"One thing that is very different now from when the national commission published its report is that almost all faculty and deans of education appear to be convinced that there is substantial reform necessary," said Patrick B. Forsyth, executive director of the University Council for Educational Administration. The commission was established by the u.c.e.a., a consortium of 50 leading research institutions offering doctoral programs in school leadership.
In 1988, acting on a recommendation of the commission, 10 major education organizations concerned with school leadership came together to form the National Policy Board for Educational Administration. Its major goal is the establishment of a professional organization to offer national certification to administrators.
The board's "Agenda for Reform," released last year, called for a return to a "classical model" of extended university study to prepare administrators. But its recommendation that all candidates for national certification be required to hold a doctorate was sharply criticized.
Last week, policy-board members drafted a new "statement of purpose'' modifying several of its initial recommendations. The policy board is now contemplating issuing both entry-level and advanced certificates. Only candidates for advanced recognition would be required to have a doctorate.
But while the debate over how best to prepare school administrators continues, there is increasing evidence of reform at the institutional and state levels.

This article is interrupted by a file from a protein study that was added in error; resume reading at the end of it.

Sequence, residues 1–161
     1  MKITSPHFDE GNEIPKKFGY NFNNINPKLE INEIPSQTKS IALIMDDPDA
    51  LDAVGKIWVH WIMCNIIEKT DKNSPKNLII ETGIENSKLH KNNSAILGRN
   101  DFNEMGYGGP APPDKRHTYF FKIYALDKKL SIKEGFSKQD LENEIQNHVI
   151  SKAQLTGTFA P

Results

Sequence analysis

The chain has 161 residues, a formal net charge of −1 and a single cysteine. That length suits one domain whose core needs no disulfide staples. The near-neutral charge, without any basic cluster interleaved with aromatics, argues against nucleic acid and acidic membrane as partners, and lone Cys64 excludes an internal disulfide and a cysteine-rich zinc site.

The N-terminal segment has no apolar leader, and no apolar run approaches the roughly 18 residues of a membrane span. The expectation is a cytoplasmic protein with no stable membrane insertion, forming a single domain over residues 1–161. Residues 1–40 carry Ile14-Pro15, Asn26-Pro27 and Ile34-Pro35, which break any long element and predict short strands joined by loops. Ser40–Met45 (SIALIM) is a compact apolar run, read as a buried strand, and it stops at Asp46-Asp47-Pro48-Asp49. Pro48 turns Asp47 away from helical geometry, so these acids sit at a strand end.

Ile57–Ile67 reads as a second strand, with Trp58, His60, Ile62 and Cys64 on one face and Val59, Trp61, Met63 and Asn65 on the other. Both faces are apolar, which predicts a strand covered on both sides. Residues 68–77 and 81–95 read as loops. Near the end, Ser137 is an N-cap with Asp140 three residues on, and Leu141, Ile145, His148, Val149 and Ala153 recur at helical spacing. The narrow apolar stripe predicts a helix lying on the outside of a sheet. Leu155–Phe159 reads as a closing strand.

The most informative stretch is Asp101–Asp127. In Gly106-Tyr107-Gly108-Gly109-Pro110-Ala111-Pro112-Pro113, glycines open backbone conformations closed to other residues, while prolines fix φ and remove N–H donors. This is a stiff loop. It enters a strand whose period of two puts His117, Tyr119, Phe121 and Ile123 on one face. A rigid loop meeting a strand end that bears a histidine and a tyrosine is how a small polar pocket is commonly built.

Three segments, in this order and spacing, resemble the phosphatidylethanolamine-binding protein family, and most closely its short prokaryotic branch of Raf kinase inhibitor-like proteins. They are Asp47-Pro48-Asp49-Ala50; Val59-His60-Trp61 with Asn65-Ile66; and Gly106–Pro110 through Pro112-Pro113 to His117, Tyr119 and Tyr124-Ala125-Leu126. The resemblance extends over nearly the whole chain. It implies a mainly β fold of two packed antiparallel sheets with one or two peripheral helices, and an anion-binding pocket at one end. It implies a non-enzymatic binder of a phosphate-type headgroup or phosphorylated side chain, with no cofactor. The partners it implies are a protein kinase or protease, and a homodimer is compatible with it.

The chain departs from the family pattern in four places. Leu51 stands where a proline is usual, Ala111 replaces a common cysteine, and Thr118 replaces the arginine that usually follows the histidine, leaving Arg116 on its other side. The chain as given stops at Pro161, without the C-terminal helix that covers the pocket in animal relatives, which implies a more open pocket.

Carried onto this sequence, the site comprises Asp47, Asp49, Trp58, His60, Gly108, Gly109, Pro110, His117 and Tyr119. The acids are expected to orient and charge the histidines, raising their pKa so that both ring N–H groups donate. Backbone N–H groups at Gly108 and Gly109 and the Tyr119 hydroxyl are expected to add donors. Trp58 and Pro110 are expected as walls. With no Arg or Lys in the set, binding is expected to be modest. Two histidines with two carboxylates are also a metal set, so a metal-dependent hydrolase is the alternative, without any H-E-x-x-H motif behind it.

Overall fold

North Carolina Guidelines
In North Carolina, the state university system provided the impetus for strengthening the professional preparation of administrators.
Members of a task force studying teacher education heard so many comments about administrators that they recommended that the university system next turn its attention to designing a new course of study for school leaders.
That suggestion eventually led to the development of statewide guidelines for a doctoral program aimed at preparing practicing administrators.
The study committee charged with developing the guidelines arrived at a framework that will allow institutions some flexibility, according to Donald J. Stedman, associate vice president for academic affairs for the University of North Carolina.
Six state institutions have prepared proposals to offer doctoral programs based on the new guidelines. A national review panel will examine the proposals and recommend to the board of governors of the university system whether to approve them.
Program participants will be required to undergo at least three years of post-baccalaureate study--including a year of full-time study in residence and a year of supervised internship.